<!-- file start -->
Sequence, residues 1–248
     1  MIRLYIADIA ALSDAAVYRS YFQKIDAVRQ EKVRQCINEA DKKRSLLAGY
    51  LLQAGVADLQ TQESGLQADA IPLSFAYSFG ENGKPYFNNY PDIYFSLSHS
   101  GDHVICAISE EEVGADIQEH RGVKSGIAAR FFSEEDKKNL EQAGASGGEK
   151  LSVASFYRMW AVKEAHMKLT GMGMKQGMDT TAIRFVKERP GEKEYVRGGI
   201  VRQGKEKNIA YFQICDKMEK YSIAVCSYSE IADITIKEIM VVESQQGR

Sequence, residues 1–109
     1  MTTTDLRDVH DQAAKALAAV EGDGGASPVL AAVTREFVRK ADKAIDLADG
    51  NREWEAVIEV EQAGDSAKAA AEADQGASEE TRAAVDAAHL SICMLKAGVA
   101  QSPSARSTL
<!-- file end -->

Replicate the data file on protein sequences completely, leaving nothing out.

Sequence, residues 1–248
     1  MIRLYIADIA ALSDAAVYRS YFQKIDAVRQ EKVRQCINEA DKKRSLLAGY
    51  LLQAGVADLQ TQESGLQADA IPLSFAYSFG ENGKPYFNNY PDIYFSLSHS
   101  GDHVICAISE EEVGADIQEH RGVKSGIAAR FFSEEDKKNL EQAGASGGEK
   151  LSVASFYRMW AVKEAHMKLT GMGMKQGMDT TAIRFVKERP GEKEYVRGGI
   201  VRQGKEKNIA YFQICDKMEK YSIAVCSYSE IADITIKEIM VVESQQGR

Sequence, residues 1–109
     1  MTTTDLRDVH DQAAKALAAV EGDGGASPVL AAVTREFVRK ADKAIDLADG
    51  NREWEAVIEV EQAGDSAKAA AEADQGASEE TRAAVDAAHL SICMLKAGVA
   101  QSPSARSTL